Khadija Bennis, whose brother was gunned down by Montreal police on December 1st in what looks like a case of racial profiling gone wrong (when does it ever go right?), is quoted in today’s Montreal Gazette saying that she fears police will sweep her brother’s death under the carpet.
Given this fear of a young man’s needless death being covered up and forgotten, it is instructive to review how the Gazette has dealt with this case so far.
After initially running brief police accounts of what happened immediately after Mohamed Anass Bennis’ death in early December (on pages A7 and A10), they did run one story which actually acknowledged that the Bennis family was having trouble believing the cops’ crazy version of events (on page A11) - but then nothing at all until this morning.
That’s because yesterday, as i wrote in my previous post about the police killing, there was a large demonstration demanding a public inquiry and “sensitivity training” for the police. I think i have a good idea of how many people were there as i have (sadly) gone to a number of such demonstrations in my life, and at yesterday’s i started at the back and then walked up to the front, turning around several times to take photos. I was there at 10:30am when it started and left shortly after noon, while speeches were still being made. My estimate is that there were between 1,500 and 2,000 people there.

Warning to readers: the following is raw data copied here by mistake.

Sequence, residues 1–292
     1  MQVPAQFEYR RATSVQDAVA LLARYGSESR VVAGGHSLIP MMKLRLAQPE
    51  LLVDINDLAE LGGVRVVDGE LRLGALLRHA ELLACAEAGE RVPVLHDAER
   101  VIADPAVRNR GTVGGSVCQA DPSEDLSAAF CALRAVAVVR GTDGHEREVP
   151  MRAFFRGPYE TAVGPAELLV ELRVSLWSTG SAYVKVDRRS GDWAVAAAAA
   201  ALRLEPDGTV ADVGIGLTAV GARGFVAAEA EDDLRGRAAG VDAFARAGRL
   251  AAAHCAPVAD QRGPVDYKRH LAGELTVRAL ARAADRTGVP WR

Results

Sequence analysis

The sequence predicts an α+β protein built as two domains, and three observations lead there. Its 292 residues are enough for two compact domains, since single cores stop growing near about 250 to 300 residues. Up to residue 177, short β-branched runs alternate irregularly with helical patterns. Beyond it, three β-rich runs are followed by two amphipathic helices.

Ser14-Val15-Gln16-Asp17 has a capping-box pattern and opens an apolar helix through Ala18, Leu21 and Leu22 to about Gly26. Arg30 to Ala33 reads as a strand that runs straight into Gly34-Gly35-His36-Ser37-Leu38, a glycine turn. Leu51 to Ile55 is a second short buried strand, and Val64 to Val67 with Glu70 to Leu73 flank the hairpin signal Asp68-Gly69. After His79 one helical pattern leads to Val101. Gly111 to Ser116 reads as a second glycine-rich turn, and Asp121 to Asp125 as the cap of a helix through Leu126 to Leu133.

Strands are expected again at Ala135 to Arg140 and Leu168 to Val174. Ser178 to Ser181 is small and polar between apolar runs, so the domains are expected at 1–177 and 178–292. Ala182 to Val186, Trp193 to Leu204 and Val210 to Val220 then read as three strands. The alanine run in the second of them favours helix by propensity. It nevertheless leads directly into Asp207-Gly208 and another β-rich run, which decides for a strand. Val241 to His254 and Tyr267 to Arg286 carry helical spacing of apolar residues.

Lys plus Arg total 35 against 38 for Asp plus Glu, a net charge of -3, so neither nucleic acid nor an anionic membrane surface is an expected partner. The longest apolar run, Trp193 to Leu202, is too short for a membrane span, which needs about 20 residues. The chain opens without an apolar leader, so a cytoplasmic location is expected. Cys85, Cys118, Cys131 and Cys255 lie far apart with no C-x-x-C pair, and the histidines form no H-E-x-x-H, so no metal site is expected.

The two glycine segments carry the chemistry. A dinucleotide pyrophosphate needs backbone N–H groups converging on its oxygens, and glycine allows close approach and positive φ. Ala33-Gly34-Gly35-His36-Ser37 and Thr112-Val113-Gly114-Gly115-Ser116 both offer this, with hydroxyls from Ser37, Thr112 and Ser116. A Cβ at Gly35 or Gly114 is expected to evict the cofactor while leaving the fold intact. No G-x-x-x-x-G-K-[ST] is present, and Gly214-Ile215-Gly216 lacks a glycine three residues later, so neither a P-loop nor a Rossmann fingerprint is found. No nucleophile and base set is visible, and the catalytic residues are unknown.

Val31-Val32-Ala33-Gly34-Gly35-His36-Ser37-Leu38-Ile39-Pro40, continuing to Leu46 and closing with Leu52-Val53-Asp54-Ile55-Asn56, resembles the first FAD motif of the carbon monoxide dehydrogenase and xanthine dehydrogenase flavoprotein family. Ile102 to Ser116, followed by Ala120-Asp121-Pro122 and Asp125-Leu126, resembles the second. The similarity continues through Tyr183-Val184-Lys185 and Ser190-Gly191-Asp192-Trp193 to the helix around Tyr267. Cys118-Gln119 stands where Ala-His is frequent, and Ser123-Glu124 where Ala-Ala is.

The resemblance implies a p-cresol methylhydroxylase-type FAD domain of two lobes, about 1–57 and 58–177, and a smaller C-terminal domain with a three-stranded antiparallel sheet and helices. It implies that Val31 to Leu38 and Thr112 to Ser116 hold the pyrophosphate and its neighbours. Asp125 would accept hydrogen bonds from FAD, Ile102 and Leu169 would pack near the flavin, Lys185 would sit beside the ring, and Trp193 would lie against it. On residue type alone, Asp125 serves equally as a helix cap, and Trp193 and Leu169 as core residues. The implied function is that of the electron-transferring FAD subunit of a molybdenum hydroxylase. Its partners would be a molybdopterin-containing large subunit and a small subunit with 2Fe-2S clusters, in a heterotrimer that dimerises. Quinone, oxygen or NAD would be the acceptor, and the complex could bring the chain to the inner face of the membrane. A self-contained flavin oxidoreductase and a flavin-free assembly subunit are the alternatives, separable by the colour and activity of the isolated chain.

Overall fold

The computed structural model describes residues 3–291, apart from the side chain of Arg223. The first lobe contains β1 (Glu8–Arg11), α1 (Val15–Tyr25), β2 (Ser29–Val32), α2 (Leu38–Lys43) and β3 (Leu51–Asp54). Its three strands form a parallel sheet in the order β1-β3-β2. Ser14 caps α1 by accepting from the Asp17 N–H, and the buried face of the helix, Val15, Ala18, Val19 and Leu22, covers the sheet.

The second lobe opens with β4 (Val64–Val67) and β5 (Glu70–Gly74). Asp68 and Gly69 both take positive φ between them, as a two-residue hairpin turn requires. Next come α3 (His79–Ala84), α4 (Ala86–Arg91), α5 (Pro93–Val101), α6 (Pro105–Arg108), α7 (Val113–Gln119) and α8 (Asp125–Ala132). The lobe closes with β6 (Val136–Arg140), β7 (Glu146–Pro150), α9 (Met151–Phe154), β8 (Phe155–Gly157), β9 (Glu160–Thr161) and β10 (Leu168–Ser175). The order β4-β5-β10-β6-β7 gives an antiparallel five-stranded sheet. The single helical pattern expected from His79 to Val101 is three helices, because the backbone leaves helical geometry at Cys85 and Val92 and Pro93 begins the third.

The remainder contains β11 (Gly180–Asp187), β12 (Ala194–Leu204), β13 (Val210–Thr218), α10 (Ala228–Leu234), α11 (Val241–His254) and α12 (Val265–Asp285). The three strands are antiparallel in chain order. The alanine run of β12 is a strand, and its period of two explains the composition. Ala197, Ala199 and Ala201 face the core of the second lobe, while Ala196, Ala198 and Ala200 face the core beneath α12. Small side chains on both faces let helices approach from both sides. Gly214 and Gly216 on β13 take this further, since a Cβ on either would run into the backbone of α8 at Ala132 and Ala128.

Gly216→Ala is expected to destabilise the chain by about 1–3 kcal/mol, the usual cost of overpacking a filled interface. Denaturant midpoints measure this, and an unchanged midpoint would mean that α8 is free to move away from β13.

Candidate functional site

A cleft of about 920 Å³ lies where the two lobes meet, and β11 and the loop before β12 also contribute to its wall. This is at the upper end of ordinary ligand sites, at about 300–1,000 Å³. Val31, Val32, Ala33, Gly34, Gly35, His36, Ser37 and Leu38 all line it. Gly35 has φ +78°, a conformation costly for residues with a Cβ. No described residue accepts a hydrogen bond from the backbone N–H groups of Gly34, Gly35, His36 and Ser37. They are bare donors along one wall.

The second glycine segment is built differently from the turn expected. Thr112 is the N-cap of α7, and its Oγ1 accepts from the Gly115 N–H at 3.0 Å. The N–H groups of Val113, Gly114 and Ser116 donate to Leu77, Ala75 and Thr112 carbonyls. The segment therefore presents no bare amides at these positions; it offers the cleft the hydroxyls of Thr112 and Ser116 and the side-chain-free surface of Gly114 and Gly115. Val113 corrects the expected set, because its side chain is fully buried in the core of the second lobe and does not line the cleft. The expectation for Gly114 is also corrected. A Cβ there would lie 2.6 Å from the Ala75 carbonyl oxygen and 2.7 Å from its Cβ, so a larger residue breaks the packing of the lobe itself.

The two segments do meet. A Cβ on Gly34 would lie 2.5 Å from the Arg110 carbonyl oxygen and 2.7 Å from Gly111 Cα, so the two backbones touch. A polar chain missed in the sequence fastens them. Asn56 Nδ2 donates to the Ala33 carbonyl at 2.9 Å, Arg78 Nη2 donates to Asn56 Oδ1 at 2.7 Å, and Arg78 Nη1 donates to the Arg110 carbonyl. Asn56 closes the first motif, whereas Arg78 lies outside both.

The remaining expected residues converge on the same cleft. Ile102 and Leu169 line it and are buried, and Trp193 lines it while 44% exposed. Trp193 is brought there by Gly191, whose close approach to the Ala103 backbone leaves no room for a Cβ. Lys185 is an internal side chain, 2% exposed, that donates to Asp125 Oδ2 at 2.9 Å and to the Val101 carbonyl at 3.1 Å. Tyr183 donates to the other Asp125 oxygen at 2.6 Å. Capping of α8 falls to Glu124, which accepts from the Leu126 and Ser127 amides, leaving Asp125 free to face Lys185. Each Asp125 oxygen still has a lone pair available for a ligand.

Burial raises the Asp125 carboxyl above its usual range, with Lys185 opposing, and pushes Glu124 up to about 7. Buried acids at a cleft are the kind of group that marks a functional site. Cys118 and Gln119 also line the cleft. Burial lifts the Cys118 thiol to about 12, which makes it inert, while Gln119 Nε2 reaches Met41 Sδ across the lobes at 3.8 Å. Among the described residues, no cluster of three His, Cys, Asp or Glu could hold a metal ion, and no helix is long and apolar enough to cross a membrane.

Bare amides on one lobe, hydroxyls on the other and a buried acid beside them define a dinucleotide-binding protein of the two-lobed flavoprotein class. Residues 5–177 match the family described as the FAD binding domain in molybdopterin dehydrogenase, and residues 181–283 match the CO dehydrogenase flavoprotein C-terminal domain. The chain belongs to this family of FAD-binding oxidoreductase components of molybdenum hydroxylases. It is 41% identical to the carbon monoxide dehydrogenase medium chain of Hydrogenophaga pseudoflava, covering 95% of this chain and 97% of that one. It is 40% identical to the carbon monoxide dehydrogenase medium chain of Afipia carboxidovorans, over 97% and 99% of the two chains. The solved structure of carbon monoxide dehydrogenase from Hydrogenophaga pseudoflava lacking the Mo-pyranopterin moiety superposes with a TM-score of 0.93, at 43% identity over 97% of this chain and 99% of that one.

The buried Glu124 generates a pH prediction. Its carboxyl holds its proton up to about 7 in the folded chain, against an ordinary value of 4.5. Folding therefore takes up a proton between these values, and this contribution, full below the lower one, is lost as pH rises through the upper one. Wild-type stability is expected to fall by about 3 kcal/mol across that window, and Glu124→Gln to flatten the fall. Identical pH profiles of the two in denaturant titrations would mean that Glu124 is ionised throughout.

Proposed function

Given that yesterday was the coldest day so far this winter – minus seventeen degrees – such a number constitutes a very impressive turnout. I can’t remember so large a demonstration against a police murder since Marcellus Francois was shot in the head for being Black back in 1991 (and seeing as he was killed in July those demos were in warmer weather). For a similarly large wintertime demo protesting a police murder, you’d have to go back to Anthony Griffin (who was also Black and was also shot in the head by a racist cop) back in 1987.
[There have of course been other large demos organized against the police, most notably the annual International Day Against Police Brutality protests that have so often ended in mass arrests – but these were organized and attended by left activists and were not in reaction to a specific police crime, and as such i think are different than the kind of protest we saw yesterday.]
So how did the Montreal Gazette cover yesterday’s demo? How did they describe the largest protest of its kind to have taken place in almost twenty years?
Page A2, with the smallest of photos; the article by Ann Carroll began: “As many as 200 people rallied outside Montreal city hall in the bitter cold yesterday to demand an independent inquiry into the fatal police shooting of Mohamed Annas Bennis on Dec. 1.”
“As many as 200 people.”
Like Ms. Bennis said, sweeping it under the carpet.
And look: the Montreal Gazette brought its own broom.
Categories: media, montreal, police, protest, racism